Muhanad Seloom

About Muhanad Seloom

Dr. Muhanad Seloom is an associate lecturer in International Relations at the University of Exeter, United Kingdom. His main research interests are mainly within the fields of political violence and peace-building. He has been particularly focused on counterterrorism policies, ethno-nationalsit, Islamist and sectarian violence in the Middle East.
12 Oct, 2017

The Day After The Independence Referendum in the Kurdistan Region of Iraq

Muhanad Seloom | 12 October 2017 | TR

The Iraqi Kurdistan region independence referendum represents a turning point in Iraq’s modern history. For the first time since its foundation in 1921, Iraq’s territorial integrity is at stake.
The Day After The Independence Referendum in the Kurdistan Region of Iraq2020-08-10T19:42:11+03:00
15 Feb, 2017

Intra-group Fractures in Iraq Paper Series (II) – The Iraqi Arab Shia Political Crisis

Muhanad Seloom | 15 February 2017 | TR

There is a narrative often told by Iraqi politicians and commentators that Arab Sunnis have excluded themselves from politics by boycotting the post-2003
Intra-group Fractures in Iraq Paper Series (II) – The Iraqi Arab Shia Political Crisis2020-08-15T13:08:11+03:00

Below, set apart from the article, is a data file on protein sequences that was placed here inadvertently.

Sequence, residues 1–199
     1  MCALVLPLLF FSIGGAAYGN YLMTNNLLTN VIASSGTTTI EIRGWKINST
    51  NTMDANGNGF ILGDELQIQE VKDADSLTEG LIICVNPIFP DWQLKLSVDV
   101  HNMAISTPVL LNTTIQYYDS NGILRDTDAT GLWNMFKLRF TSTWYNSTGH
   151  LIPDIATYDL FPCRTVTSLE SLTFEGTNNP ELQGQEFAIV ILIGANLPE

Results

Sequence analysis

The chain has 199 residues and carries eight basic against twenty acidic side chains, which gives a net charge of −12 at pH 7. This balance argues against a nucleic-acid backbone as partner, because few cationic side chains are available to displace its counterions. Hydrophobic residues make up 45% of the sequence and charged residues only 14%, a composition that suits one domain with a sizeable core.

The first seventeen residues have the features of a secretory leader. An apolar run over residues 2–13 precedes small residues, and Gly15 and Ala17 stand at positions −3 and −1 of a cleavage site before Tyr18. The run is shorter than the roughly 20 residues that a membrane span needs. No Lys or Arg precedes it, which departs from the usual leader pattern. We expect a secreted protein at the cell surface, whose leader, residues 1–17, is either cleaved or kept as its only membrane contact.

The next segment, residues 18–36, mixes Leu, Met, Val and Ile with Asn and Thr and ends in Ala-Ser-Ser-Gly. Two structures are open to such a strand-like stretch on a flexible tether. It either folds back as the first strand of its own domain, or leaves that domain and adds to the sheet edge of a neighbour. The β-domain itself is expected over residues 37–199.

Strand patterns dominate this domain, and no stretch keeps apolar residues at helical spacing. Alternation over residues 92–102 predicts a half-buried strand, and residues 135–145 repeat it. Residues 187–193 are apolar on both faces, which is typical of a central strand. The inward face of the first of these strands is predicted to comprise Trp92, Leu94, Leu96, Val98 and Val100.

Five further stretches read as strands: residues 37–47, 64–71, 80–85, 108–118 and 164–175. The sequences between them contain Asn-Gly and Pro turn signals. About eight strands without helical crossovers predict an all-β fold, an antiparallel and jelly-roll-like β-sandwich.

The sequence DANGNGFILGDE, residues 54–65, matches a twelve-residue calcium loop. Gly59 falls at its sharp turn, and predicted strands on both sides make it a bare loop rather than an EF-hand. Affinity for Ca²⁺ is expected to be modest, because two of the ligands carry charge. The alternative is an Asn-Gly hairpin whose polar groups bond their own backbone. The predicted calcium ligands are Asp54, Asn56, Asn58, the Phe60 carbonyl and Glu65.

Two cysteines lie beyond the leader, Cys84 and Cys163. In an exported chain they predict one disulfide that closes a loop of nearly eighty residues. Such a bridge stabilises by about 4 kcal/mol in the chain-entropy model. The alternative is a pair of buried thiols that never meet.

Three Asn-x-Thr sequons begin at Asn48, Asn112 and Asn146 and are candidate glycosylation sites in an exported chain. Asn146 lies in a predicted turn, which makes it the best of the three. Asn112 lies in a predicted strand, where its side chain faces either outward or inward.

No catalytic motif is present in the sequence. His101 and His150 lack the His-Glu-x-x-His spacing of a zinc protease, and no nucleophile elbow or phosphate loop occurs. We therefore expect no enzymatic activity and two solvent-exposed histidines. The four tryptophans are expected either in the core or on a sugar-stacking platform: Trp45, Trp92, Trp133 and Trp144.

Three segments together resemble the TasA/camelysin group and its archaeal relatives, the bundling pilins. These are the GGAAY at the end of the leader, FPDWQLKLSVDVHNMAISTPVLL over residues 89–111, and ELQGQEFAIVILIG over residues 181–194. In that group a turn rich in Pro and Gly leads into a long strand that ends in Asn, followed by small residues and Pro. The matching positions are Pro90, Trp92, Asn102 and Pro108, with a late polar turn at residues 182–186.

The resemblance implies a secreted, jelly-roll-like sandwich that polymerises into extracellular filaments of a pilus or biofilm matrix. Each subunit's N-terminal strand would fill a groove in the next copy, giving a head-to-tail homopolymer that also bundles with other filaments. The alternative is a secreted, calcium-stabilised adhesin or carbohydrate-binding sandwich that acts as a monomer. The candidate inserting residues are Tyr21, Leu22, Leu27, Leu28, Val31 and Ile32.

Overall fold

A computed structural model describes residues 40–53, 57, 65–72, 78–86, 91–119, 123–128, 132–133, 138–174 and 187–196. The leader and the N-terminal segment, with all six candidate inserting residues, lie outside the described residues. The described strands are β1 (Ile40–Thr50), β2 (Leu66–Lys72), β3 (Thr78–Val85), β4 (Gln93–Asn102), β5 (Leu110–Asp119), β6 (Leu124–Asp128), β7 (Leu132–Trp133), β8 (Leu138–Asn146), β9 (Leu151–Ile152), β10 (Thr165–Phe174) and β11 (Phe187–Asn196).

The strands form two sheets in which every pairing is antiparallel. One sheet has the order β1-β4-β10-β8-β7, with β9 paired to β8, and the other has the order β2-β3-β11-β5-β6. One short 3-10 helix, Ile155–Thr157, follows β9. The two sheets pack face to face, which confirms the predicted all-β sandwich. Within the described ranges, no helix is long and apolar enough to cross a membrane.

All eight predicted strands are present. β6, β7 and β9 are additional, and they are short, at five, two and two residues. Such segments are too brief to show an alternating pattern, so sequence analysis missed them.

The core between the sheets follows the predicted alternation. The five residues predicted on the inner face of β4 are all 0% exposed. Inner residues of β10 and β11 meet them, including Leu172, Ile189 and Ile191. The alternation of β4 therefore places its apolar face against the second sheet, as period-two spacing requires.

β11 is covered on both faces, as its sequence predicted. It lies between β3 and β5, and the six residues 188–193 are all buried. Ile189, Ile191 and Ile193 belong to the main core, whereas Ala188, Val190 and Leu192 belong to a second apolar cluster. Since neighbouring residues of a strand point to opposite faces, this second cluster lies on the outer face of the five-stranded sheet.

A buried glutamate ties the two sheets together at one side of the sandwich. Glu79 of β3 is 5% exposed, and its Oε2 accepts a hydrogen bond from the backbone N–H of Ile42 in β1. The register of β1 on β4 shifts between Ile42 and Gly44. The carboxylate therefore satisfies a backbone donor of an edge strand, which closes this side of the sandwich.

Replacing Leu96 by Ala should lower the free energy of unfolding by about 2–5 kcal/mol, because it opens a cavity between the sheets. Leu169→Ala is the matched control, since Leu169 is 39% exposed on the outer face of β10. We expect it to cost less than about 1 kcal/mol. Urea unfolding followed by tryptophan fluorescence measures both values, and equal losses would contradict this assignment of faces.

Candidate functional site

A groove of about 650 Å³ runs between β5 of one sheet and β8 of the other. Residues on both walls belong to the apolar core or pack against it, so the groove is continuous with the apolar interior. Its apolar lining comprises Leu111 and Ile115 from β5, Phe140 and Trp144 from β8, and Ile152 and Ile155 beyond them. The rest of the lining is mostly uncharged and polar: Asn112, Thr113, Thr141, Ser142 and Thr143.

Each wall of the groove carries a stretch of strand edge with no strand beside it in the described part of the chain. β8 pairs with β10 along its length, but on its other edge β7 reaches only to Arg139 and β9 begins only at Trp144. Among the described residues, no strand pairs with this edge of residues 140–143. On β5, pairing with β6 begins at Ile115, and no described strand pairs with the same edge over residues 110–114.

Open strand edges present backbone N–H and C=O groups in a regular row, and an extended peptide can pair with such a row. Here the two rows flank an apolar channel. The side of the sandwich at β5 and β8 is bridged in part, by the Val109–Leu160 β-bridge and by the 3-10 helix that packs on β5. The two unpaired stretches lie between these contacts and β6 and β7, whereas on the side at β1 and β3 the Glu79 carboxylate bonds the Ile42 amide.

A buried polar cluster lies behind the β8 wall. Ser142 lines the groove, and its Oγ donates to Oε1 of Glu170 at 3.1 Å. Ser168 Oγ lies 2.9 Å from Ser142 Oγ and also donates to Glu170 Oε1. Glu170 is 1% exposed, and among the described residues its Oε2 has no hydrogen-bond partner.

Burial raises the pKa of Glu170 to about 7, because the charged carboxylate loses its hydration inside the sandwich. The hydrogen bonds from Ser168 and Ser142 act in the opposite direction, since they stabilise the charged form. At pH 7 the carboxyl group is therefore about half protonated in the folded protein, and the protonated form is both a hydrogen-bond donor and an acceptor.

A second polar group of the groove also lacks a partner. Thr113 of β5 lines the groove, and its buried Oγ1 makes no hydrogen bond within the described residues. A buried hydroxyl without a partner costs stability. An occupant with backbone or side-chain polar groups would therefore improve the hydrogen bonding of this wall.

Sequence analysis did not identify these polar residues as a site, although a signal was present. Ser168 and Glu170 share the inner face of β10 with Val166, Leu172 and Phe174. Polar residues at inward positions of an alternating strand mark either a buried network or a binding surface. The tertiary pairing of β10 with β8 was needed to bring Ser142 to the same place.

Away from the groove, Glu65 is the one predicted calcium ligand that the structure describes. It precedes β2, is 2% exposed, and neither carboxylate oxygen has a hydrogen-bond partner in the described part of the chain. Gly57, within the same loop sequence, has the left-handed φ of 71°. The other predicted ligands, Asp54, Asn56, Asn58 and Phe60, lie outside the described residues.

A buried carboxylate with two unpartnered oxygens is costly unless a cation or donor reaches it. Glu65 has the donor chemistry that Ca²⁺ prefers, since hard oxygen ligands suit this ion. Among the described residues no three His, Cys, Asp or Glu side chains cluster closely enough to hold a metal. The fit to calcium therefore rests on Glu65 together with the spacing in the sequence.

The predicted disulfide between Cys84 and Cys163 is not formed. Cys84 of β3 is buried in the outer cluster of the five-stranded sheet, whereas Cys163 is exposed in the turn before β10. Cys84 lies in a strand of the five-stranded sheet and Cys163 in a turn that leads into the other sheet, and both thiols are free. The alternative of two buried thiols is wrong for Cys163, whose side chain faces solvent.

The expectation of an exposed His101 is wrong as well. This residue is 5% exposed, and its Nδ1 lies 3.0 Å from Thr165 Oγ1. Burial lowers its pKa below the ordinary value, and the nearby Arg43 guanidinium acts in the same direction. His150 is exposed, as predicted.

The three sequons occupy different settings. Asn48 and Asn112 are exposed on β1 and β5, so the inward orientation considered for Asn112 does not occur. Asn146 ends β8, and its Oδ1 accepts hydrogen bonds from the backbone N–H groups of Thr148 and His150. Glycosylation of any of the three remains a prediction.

9 Jan, 2017

Intra-group Fractures in Iraq Paper Series (I): The Sunni Arabs’ Political Crisis

Muhanad Seloom | 09 January 2017 | TR

Since the invasion of Iraq in 2003, U.S. State Department officials have often observed that Arab Sunnis do not have arepresentative leadership in the way the Shia in Iraq do. Almost all Arab Shia in Iraq answer to Ayatollah Ali al-Sistani, the highest Shia religious authority in Iraq
Intra-group Fractures in Iraq Paper Series (I): The Sunni Arabs’ Political Crisis2020-08-15T13:13:25+03:00
12 Nov, 2016

Iraq After ISIL: Stabilization, Traumatized Minorities, and Disputed Territories

Muhanad Seloom | 12 November 2016 | TR

This paper examines the political and ethno-sectarian implications of driving ISIL out of Mosul, the last city occupied by ISIL in Iraq. Iraq after ISIL cannot be the
Iraq After ISIL: Stabilization, Traumatized Minorities, and Disputed Territories2020-08-10T19:41:09+03:00
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